So for two 12V batteries in series it goes 70W/24V =~ 2.9A, which is about 0.4C (2.9 / 7 =~ 0.4). A ballpark figure can be taken from Figure 4 in Power Sonic’s Technical Manual, showing that the voltage starts to drop after about an hour, and reaches the critical value somewhere after an hour and a half. Note that I have different batteries.

Also from Table 2 of the same Manual, we have that the actual capacity of a 7AH battery, when drained with a 4.34A current, is 4.34AH (one hour). The current is higher than 2.9A, but given that the UPS isn’t really 100% efficient, it’s likely that the real discharge current is closer to 4A than to 2.9A. So that explains why the UPS said 1:12 hours when I updated the battery replacement date.

Now, it could be that different batteries behave differently on higher currents. I really don’t know. I couldn’t find data on my “Bulls Power” batteries. So maybe they could meet the 7AH specification for a 20-hours discharge, and then perform really poorly with higher, real-life currents. I have no idea.

Not directly related, but anyhow: The power consumption goes above double (165W, 217VA) when compiling a Linux kernel with 12 processes. The power factor improved considerably, in line with Corsair’s promise to attain power level of unity at full capacity (which is 850W, a long way to go).

Knowing the battery’s charge level

How does one estimate how much energy a lead-acid battery has? The answer is unpleasant, yet simple: There is really no way to measure it from the battery electronically. After reading quite some material on the subject, that became evident to me: There are plenty of papers describing exotic algorithms for estimating a battery’s health and charge level, and their abundance and variety proves that there’s really no way to tell, except for draining it.

Actually, there is one way that is considered reliable, which is measuring the open circuit voltage (OCV) after the battery has been disconnected for a while (some say a few hours, battery manufacturers typically require 24 hours). Letting the battery rest allows it to reach a chemical equilibrium, at which point the voltage reflects its charge level. This is surely true for a fresh battery.

As for batteries with some history, the picture is less clear, and I haven’t managed to figure out if the OCV voltages remain the same, and if the voltage vs. charge percentage relate to the original charge capacity, or the one that is available after the battery is worn out.

For example, Power Sonic claims that the OVC goes from 1.94V/cell to 2.16V/cell for 0% to 100% charge respectively. As a 12-volt battery has 6 cells, this corresponds to 11.64V to 12.96V. These figures are quite similar to those presented by another manufacturer.

But what does 100% charge mean? 7AH or as much as is left when the battery has worked for some time? My anecdotal measurement of the batteries I took out from the UPS was 12.99V after letting them rest. In other words, they presented a OCV voltage corresponding to 100% charge, even though they had much less than 7AH.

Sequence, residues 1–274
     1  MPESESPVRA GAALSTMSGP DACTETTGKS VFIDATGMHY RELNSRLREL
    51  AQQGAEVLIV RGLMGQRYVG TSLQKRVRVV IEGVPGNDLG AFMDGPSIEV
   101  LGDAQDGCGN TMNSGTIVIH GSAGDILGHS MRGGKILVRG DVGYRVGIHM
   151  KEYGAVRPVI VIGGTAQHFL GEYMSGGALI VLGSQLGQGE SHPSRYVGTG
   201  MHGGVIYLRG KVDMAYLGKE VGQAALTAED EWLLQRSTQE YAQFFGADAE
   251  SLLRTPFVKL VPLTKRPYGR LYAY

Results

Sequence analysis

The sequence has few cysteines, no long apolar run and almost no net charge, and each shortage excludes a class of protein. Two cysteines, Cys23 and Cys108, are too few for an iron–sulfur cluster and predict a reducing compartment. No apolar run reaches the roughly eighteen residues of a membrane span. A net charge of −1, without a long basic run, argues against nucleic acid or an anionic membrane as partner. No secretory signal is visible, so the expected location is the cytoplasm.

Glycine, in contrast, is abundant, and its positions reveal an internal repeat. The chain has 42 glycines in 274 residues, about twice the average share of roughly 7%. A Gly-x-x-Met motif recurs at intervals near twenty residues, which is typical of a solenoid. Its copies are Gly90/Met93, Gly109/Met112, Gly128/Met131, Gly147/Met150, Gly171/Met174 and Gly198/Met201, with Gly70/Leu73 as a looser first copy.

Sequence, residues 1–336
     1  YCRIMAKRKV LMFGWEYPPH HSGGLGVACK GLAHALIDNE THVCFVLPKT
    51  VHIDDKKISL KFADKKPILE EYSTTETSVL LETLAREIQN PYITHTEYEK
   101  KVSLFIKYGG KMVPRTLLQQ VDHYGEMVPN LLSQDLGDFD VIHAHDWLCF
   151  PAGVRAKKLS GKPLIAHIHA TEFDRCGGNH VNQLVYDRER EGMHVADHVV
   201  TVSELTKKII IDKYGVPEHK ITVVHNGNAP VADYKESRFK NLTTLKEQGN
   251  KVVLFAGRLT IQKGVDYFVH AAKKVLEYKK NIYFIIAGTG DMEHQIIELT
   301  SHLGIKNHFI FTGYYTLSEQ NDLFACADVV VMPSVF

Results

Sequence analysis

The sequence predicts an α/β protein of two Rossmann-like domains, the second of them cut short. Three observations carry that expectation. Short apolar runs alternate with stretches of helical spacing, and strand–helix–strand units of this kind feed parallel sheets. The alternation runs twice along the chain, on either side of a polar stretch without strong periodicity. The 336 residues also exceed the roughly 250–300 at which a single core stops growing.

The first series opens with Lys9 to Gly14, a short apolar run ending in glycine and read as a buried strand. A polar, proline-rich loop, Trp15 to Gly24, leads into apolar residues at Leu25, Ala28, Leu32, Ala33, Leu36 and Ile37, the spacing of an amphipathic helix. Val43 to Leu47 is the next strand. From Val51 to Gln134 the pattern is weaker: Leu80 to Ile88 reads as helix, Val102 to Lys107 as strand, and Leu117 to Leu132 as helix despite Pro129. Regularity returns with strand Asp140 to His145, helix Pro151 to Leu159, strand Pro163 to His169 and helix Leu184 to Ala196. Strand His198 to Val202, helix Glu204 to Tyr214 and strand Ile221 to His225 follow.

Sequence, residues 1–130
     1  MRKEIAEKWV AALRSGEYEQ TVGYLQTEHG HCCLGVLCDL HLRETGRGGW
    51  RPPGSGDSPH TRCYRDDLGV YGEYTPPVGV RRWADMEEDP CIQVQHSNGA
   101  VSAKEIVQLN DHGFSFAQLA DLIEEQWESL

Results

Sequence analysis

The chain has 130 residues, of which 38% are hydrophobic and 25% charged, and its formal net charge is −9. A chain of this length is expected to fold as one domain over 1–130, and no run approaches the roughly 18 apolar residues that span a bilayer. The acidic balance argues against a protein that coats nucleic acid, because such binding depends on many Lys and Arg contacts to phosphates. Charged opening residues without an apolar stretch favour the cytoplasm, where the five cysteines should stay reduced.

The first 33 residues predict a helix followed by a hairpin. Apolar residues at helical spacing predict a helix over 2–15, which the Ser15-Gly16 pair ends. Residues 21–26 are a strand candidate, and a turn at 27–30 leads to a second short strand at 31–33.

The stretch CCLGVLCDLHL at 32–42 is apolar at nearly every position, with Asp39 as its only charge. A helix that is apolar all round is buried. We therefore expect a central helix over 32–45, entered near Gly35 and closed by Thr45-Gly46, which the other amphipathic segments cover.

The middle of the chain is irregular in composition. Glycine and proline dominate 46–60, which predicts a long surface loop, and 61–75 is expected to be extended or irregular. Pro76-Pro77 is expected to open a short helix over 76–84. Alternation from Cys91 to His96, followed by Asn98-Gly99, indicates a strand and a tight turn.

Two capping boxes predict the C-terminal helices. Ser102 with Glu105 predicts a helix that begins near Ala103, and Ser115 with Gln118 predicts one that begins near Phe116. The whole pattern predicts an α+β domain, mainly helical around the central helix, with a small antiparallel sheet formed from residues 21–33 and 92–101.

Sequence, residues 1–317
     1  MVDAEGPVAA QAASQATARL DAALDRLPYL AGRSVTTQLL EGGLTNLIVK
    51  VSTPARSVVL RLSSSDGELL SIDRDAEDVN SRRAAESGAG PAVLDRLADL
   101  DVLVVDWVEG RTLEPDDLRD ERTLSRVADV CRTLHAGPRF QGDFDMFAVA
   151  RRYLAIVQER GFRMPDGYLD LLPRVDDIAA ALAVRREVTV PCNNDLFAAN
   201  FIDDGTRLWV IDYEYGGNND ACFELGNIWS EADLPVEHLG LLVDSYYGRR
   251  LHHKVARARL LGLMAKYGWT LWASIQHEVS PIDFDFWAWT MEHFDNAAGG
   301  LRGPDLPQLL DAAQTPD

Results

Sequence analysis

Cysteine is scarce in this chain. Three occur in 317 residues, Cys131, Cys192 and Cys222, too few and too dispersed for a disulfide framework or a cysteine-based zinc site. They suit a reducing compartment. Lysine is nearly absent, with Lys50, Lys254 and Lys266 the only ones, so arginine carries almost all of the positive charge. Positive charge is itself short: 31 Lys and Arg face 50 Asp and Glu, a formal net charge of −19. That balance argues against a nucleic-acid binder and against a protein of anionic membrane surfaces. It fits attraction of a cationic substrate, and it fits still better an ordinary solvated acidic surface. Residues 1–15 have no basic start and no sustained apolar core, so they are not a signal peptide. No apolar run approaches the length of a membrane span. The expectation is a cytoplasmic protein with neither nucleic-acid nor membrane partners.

So how does a UPS estimate the remaining runtime? Well, the simple way is to let the battery run out once, and there you have a number. Clearly, Smart UPS uses this method.

Are there any alternatives? In theory, the UPS could let the battery rest for 24 hours, and measure its OCV. This is possible, because most of the time the UPS doesn’t need the battery. But even my anecdotal measurement shows that a 100% charge-like reading doesn’t mean much.

For other types of batteries (Li-ion in particular), measuring the current on the battery, in and out (Coulomb Counting), gives an idea on how much charge it contains. This doesn’t work with lead acid batteries, because the recommended way to maintain a standby battery, is to continuously float charge it. That means holding a constant voltage (say, 2.25V per cell, that is 13.5V for a 12V battery, or 27V on a battery pair, as in SmartUPS 750).

As this voltage is higher than the OCV at rest, this causes a small trickle current (said to be about 0.001C), which compensates for the battery’s self discharge. Even if it overcharges the battery slightly, the gases that are released are recycled internally in a sealed battery, so there’s no damage.

Hence the recommended strategy for charging a lead-acid battery is to charge it quickly as long as its voltage / current pair indicates that it’s far from being fully charged, and then apply a constant, known and safe voltage. This allows it to charge completely slowly, and then maintain the charge without any risk for overcharging. Odds are that this is what the UPS does.

But makes Coulomb Counting impossible: During the float charge phase (that is, virtually all the time) the current may and may not actually charge the battery.

Why recalibrate

It’s not clear what my Smart 750 UPS did with the batteries when recharging after they were completely empty. Even if did Coulomb Counting, it has no way to tell how efficient the battery will perform during discharge, while draining a current that is much higher than 0.05C.

I’m not even 100% sure that it did charge the battery fully in any of the cases. Even though lead-acid batteries have a pretty known charging voltage graph, which indicates when the battery is about to become full, the UPS might have played safe, and went for a float charge early. Maybe it doesn’t fast-charge a battery more than it has knowingly discharged it. If that’s the case, the remaining charge is acquired slowly by float charging.

As the UPS has no way to know whether the charging current is just a float charge or if the battery actually gains energy, it won’t update the estimated runtime.

So it’s possible that the UPS actually filled the battery properly to begin with, or that it did that during float charge phase. Or the batteries installed may be pure junk. This way or another, a battery calibration (or just let it run on battery until it dies out) a while later is the definite answer, as it covers the float charge possibility.